Four actors star in this production, including Cate Feldmann, James Grant, Diva Cory and Avikal (Steven Browning), with renowned local artist, James Guppy (https://www.jamesguppy.com), providing artwork and set design.
This Drill Hall production promises to be compelling and relevant, particularly in our current political environment.
Friday 2nd August @ 7:30 pm, Tickets $30/$22
Saturday 3rd August @ 7:30 pm, Tickets $30/$22
SPECIAL PERFORMANCE: Sunday 4th August @ 5:30 pm
followed by a Q&A with Hannie Rayson
(including wonderful snacks and drink), Tickets $40/$32
The Q&A with Playwright, Hannie Rayson, Director, Richard Vinycomb and Michael Cathcart
from the ABCs THE STAGESHOW
at the DRILL after the performance on Sunday 4th August 2019
Hannie Rayson is a graduate of the University of Melbourne and the Victorian College of the Arts (VCA). She holds an Honorary Doctorate of Letters from La Trobe University. Rayson was a cofounder of Theatreworks, and has served as writer-in-residence at the Mill Theatre, Playbox Theatre, La Trobe University, Monash University, VCA and New Writing North (Newcastle-upon-Tyne, UK).
Her plays have been performed extensively around Australia and several have been produced overseas. They include PLEASE RETURN TO SENDER, MARY, LEAVE IT TILL MONDAY, ROOM TO MOVE, HOTEL SORRENTO, FALLING FROM GRACE, SCENES FROM A SEPARATION (co-written with Andrew Bovell), COMPETITIVE TENDERNESS, LIFE AFTER GEORGE, INHERITANCE, TWO BROTHERS, THE GLASS SOLDIER, and THE SWIMMING CLUB. The Manhattan Theatre Club in New York through the Alfred P Sloan Foundation commissioned Hannie’s most recent play, EXTINCTION. Hannie’s plays have won AWGIE Awards; Green Room Awards; Helpmann Awards; NSW Premier’s Literary Awards; Victorian Premier’s Literary Awards and the Age Performing Arts Award. LIFE AFTER GEORGE was the first play ever to be nominated for the prestigious Miles Franklin Award.
Hannie’s memoir, HELLO, BEAUTIFUL! was published by Text Publishing in February 2015. She adapted the story for a one-woman show, also called HELLO, BEAUTIFUL! which opened at The Malthouse Theatre in May 2016 and toured Victoria. Hannie continued to tour HELLO, BEAUTIFUL! nationally in 2018.
Hannie also writes for newspapers and magazines and in 1999 she won the Magazine Publishers’ Society of Australia, Columnist of the Year Award for her column in HQ Magazine.
Her television scripts include SLOTH (ABC, Seven Deadly Sins) and she co-wrote two episodes of the award-winning series SEACHANGE (ABC/Artists Services). A feature film of Hotel Sorrento (1995) was nominated for ten Australian Film Institute Awards, winning two, including Best Screenplay adaptation.
As a young Victorian College of the Art drama graduate I first worked, as artistic director of Crosswinds a regional professional touring company in the eighties. Works we researched and performed further sparked my interest in contemporary Australian playwrights – new plays often by young women who had a passionate voice. I later performed at the Adelaide Fringe, at La Boite in Brisbane, developed and directed new Australia Council funded shows exploring well researched issues such as the future of the family farm (Hanrahan Be Damned, 1996). I loved working across artforms, teaching drama and also got strongly involved in starting local playback theatre in Byron in the nineties.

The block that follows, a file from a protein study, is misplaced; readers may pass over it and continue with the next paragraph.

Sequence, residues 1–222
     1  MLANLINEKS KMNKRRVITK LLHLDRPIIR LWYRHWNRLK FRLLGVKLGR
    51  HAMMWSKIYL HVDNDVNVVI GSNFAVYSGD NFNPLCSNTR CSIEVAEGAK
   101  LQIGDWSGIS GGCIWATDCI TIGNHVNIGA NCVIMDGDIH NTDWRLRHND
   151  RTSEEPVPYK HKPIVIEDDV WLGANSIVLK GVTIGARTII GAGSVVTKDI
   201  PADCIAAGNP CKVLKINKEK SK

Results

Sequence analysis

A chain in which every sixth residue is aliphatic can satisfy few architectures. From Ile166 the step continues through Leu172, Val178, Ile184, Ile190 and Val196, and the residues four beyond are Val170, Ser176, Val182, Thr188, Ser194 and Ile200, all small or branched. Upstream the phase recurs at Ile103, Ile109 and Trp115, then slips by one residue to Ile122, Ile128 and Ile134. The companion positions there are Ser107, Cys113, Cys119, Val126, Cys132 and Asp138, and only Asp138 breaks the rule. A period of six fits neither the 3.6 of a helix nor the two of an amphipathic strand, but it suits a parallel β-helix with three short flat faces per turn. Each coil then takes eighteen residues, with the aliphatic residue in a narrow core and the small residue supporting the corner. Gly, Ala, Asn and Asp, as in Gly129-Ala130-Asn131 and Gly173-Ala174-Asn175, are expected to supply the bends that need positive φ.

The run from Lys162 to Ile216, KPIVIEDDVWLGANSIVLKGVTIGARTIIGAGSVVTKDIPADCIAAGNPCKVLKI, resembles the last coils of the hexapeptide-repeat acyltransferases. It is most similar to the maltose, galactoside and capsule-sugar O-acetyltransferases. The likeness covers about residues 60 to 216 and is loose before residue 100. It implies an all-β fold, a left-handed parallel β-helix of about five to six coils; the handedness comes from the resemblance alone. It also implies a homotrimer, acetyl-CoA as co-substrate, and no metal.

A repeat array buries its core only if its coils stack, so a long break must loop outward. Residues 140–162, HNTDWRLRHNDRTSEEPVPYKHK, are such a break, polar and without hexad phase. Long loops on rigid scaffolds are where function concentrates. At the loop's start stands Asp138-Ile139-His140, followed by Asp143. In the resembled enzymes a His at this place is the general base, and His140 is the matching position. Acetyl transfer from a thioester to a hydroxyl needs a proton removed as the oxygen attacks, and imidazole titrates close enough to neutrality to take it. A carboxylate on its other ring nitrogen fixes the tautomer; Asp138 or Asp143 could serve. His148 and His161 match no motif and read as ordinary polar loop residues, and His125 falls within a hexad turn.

As for some special scripts, in 2003, I directed “Strange Fruit” by Juliet Lamont, fondly remembered by some, as part of opening the Byron Community Theatre. (We were so proud that Juliet was awarded best Australian emerging playwright that year!). Later an old community theatre mate showed me his play that won a green room award in 1988 (On Shifting Sandshoes). And so 21 years on, and still current, we re-staged it as the first play at the renovated Mullum Civic Hall – such fun to see his camping holiday comedy/tragedy come to life again!…
So after a break and several encouraging nudges from friends, I was recently looking at stories that I thought were relevant and challenging for our times. I was so thrilled to read this play from Hannie. We had crossed paths at the VCA and I had always admired her work. And even though the theme of “extinction” on many levels seems to have some inevitability, there are always the glimpses of hope, and wonderfully, there have been many co-incidences and parallels even during this casting and rehearsal period. One such example is the rise of the global movement “Extinction Rebellion”.
It is so good to be with such a talented theatre crew in Mullumbimby – in this most collaborative artform.
I am so grateful to be able to work with this team and explore the character of Andy. The rehearsal process has been really supportive and the freedom that Richard provides has been exciting. The journey of researching and developing Andy as a character has expanded my perspective on a wide range of topics, from ethics to genetics to what it means to love and be loved.
Hannie’s characters are each complex and flawed, honest and real. Delving into this project has coincided with my introduction to parenthood which, underscored by the thrum (and aftermath) of what was deemed ‘The Climate Change Election’, has magnified my appreciation for this precious, rare Earth we all call home.